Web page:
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Sixth Plate Ambrotype of Confederate Color-Bearer Ensign John J. Cherry, 3rd Mis
Auction partial listing: died of wounds received at Franklin. An early likeness of John Cherry at about 18 years of age likely taken at the time of his enlistment in Company C., 3rd Mississippi Infantry in September 1861, identified by old folded slip of paper in case having penciled “J.J. Cherry.”
The 3rd Miss was part of Loring’s Division, Featherston’s Brigade. Jacobson says that Cherry was shot in the upper right arm and died of his wounds in January 1865.
Source: Cowan’s auction, 2006
Historian Timothy L. Burgess has recently published a significant work on Confederate deaths burials in Nashville. Perhaps no one knows this subject better than Mr. Burgess, who has been researching the subject for nearly four decades.
To order the book:
$22.00 with postage
Send check or MO to:
128 Maple Dr.
Hendersonville, TN 37075
This letter was auctioned off in 2013 and provides some interesting detail about rebel activity after the Battle of Franklin as well as casualty numbers for the 64th Ohio Infantry.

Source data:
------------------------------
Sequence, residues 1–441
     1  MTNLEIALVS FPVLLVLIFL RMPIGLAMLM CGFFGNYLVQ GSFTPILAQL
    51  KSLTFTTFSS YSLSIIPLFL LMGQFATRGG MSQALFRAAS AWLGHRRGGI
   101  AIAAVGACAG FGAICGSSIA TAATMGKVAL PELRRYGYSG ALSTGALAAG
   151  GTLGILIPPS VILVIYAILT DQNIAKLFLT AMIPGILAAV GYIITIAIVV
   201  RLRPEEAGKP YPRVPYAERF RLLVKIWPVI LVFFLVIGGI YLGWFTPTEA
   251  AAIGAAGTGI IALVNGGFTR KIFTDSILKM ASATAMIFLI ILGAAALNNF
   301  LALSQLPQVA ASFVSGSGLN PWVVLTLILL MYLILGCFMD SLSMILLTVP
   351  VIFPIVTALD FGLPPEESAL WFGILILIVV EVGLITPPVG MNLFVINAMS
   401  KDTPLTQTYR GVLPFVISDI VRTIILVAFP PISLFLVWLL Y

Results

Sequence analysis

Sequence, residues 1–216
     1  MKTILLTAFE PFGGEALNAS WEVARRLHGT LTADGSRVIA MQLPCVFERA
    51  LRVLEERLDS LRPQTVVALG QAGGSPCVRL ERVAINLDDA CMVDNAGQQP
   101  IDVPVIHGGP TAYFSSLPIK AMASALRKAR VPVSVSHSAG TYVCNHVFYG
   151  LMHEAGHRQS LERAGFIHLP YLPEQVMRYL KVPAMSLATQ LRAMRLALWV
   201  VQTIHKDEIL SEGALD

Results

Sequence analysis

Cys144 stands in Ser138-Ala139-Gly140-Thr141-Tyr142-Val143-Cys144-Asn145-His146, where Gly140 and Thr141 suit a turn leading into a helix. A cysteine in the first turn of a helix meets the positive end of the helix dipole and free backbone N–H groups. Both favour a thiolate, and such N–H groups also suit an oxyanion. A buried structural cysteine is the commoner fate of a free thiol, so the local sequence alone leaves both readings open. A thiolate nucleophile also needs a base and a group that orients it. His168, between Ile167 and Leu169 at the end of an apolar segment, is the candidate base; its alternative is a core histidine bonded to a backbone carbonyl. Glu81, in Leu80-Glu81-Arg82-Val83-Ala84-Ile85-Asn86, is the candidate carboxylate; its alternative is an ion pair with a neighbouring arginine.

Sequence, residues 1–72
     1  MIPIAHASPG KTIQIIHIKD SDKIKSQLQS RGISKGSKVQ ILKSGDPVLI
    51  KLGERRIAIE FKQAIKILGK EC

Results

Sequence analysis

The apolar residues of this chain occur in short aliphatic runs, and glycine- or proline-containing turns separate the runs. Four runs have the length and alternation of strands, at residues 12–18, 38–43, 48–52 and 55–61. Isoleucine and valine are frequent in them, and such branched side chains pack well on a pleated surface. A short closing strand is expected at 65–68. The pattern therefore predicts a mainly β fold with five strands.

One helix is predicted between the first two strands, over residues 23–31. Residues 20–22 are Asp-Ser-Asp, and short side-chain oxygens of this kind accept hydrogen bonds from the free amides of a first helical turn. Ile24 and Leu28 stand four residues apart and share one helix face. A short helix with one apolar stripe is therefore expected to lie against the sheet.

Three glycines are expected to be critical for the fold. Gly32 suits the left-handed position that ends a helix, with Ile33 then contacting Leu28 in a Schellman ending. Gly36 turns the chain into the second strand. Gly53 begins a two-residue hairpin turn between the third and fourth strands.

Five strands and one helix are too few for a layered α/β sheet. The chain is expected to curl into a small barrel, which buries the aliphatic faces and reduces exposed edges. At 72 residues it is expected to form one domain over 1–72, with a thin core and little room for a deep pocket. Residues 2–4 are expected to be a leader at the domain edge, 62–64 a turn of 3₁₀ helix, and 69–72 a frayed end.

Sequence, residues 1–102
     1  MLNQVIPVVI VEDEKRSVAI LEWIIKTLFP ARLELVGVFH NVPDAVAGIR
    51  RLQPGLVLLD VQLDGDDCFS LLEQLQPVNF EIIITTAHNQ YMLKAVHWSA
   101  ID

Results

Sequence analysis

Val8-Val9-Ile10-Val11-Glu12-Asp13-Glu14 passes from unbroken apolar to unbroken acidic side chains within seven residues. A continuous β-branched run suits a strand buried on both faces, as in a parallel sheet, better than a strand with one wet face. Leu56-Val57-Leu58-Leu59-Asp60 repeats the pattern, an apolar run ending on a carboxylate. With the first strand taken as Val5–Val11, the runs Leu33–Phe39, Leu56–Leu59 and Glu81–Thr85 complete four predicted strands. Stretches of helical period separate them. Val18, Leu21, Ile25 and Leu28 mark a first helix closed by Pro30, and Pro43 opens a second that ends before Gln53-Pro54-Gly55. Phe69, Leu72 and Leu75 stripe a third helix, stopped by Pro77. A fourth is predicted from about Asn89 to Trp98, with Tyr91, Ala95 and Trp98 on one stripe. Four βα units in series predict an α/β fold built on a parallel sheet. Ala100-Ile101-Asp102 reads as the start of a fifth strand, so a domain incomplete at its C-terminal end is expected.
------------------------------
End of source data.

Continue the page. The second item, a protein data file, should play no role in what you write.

Private Frank Ashley
Co. H, 64th Ohio Volunteers
Camp Near Nashville Tenn
December 8 – 64
“…it is reported the railroad is cut between here and Louisville…it is also reported that the (rebels) are falling back in the direction of Franklin Tenn But they are visible in our front also hear cannonading up the river…I have not heard of W T Sherman for some time but he is alright with out doubt The non veterans of our Regt will be mustered out soon which will make it Small having a heavy loss in the late Battle of Franklin our loss is 121 men killed wounded and missing…”
Issued to the 14th Tennessee Infantry in the summer of 1862, this flag was carried into the works during Pickett’s Charge by Tennesseans from Robertson, Montgomery, and Stewart counties. Held at the U.S. War Department for decades, about 500 captured Confederate battle flags were returned to the former Confederate and border states in 1905. This Richmond Depot flag of the 14th Tennessee Infantry was one of those, and it currently resides at the Tennessee State Museum.
The folks at the State Museum have shown extreme care with this flag – all our flags, actually – over the years. This particular flag exhibits signs of a partial and earlier conservation treatment. But today we find the flag of the 14thTennessee listed by museum staff as among those most in need of conservation. General Robert E. Lee watched this flag advance across the field at Gettysburg, hoisted by men who might never return. Today, 150 years after the beginning of one of America’s defining moments, we implore you to contribute to preserving this piece of cloth – this piece of history. See details on how you can help at http://saveourflags.org/index.php/donate